The Forestry Industry Transformation Plan (FITP) has been established for the sector to support the Government’s objectives for a productive, sustainable and inclusive economy, and contribute to net zero emissions by 2050. The FITP’s aim is to define the vision and create a set of actions for the Government and the sector to support and accelerate significant value-added activity across the forestry and wood processing value chain, and includes work to establish a biofuels industry. This will produce biocrude, liquid biofuels, and solid biofuels from the residues of trees.

Te Uru Rākau, the lead Government agency for the FITP, is developing an evidence base to support the development of the vision and action plan. This includes progressing the New Zealand Wood Fibre Futures Project with Stage 1 being published in late 2020, which identified viable wood-based alternatives to high carbon emitting products such as transport fuel, concrete, steel, and coal. The progression of the project involves developing business cases for investments in solid and liquid biofuels, and high-value wood products that can be used domestically and exported. Stage 2 of the Wood Fibre Futures Project was released in April 2022. It proposes how various types of wood processing and biofuel plants might be established in New Zealand from 2024 to 2040. The report explores how the Government might encourage investment in these plants.

Emissions Reduction Plan

Most significantly, the Government has published its long-awaited comprehensive Emissions Reduction Plan (ERP), on 16 May 2022 detailing the strategies and priorities for reducing greenhouse gas emissions across every part of the economy. As part of the announcement, $73 million has been allocated towards planting 10,000ha of new forests to produce biomass, in support of the New Zealand Wood Fibre Futures Project’s recommendations. The ERP will:

  • set out a cohesive set of actions to transform the forestry sector, grow the domestic wood processing industry and get more value from New Zealand’s logs;
  • Consider options to attract investment in the production of low-emissions wood products and biofuels; and
  • Provide a transformation roadmap to lift value from the forestry and wood processing sector to:
  • increase wood processing and accelerate the bioeconomy;
  • lift productivity and resilience across the forestry and wood processing supply chain;
  • scale up internationally competitive wood-processing clusters; and
  • support increased use of wood in construction and improve export outcomes.

Further, the ERP includes action points to accelerate sustainable and secure supply and uptake of bioenergy in New Zealand and invest in expanding the supply of woody biomass. The Government will investigate ways to increase woody biomass supply to replace coal and other carbon intensive fuels and materials, and stimulate private sector investment. It has also promised to provide advice on diversifying forestry regimes, including alternative species, in order to develop new types of forest crops to deliver new products or woody biomass for emerging markets. These are all steps in the right direction.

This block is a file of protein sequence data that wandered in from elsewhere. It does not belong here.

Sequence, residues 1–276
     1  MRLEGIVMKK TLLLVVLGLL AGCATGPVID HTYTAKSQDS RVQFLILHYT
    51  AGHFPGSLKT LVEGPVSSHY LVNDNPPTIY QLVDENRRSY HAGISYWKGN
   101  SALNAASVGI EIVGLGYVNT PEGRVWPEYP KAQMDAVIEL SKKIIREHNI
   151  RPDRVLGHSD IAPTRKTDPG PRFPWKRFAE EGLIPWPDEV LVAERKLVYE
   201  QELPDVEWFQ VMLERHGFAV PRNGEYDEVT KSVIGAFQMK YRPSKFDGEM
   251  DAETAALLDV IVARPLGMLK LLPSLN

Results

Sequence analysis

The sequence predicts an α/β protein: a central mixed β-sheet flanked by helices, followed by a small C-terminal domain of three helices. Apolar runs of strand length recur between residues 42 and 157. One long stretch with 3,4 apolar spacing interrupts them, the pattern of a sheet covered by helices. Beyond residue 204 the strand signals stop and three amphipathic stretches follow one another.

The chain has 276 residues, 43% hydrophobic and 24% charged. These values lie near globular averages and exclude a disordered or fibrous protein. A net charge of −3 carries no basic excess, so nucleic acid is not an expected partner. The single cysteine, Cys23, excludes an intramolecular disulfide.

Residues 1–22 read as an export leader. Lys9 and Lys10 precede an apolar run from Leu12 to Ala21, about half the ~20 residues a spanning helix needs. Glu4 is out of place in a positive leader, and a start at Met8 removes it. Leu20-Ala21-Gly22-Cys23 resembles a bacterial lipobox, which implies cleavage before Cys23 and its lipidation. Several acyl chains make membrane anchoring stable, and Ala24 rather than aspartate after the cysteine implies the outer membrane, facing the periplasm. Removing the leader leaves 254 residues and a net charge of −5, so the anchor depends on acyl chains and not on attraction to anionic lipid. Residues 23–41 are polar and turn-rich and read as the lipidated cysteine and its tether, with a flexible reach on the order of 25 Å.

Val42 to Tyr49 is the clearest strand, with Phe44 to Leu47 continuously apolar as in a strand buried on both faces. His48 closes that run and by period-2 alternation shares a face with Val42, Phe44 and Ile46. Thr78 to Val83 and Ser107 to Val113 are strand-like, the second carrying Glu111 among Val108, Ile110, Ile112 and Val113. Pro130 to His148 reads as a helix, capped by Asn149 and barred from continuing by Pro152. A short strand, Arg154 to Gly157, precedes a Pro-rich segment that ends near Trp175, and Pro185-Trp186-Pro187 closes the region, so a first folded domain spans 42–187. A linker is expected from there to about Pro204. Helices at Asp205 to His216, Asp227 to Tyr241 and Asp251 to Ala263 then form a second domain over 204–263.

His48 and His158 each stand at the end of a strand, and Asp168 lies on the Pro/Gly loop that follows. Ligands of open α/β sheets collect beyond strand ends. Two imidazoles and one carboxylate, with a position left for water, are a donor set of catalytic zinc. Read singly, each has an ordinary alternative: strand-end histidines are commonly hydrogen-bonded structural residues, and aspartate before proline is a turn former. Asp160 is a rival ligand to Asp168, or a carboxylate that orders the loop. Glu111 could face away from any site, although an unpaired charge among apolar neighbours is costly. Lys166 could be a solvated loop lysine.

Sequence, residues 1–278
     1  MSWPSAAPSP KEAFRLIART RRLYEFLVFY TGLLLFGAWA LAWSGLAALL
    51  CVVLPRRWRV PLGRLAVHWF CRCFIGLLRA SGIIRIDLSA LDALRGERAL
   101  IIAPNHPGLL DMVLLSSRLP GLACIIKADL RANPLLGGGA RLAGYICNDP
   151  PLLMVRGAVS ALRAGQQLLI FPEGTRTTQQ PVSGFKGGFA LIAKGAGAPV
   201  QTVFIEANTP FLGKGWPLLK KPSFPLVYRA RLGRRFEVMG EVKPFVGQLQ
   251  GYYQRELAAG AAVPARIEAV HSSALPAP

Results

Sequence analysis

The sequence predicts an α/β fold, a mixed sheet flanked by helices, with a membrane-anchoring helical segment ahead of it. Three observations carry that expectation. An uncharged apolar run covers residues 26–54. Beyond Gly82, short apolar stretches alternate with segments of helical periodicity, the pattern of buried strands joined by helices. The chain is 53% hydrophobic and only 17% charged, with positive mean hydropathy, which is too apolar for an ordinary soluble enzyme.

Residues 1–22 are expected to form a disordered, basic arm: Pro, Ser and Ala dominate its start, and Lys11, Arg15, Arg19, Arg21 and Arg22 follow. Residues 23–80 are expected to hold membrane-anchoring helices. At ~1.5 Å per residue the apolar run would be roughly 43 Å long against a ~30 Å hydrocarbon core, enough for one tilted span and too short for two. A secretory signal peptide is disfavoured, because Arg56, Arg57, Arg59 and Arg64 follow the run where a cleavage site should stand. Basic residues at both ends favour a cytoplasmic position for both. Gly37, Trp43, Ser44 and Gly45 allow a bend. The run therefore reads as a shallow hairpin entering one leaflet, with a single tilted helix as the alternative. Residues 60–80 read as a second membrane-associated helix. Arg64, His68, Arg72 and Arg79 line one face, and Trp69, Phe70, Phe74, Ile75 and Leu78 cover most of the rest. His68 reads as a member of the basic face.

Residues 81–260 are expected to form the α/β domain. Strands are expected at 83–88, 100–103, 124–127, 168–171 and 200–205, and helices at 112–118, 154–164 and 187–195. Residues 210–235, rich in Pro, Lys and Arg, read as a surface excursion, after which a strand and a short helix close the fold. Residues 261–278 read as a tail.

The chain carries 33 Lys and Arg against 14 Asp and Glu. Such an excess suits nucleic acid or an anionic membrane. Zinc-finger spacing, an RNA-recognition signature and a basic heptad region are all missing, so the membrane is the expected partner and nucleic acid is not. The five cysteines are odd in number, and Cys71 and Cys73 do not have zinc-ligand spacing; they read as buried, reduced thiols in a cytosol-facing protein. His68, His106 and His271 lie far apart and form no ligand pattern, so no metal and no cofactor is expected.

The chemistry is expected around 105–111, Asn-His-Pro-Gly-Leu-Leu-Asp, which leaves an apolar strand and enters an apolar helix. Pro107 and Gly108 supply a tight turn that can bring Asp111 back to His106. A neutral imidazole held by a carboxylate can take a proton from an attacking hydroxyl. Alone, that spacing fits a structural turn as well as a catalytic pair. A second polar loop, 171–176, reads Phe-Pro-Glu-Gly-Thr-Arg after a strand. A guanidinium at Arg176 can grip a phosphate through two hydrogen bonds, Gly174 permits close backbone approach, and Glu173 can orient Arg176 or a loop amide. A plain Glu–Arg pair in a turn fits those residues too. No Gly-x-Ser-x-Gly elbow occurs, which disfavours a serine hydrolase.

Applicability of the New Zealand Emissions Trading Scheme to the Bioenergy Sector

The scope of the New Zealand Emissions Trading Scheme (ETS) will need to be re-considered as part of the development of the bioenergy sector. If a person carries out an industrial process which is recognised as a “removal activity” (one which causes a reduction of global warming gases in the atmosphere) under the Climate Change Response Act 2002 (CCRA) then that person can register with the ETS and earn New Zealand Units (NZUs) in proportion to the amount of Carbon Dioxide equivalent that is removed.

Currently the only relevant “removal activity” under the CCRA is the embedding of global warming gases in a product (i.e. the production of methanol). Accordingly, it appears that only a producer of biomass to liquid fuels would be eligible to register with the ETS. It remains to be seen if activities such as the ‘woody biomass burial method’ mentioned above would currently meet the criteria of a “removal activity” under the CCRA, or whether the legislation will evolve to capture these types of activities.

Want to know more?

We will continue to monitor the emerging bioenergy sector closely, including the Government’s actions under the ERP.

In the meantime, if you have any questions about bioenergy and the role forestry can play in its production or about bioenergy products in general, please contact our specialist Carbon Trading, Emissions Trading Scheme and Climate Change Team.

PDF version: here.

This article was included in Edition 6 of our rural newsletter – Rural. which you can read here.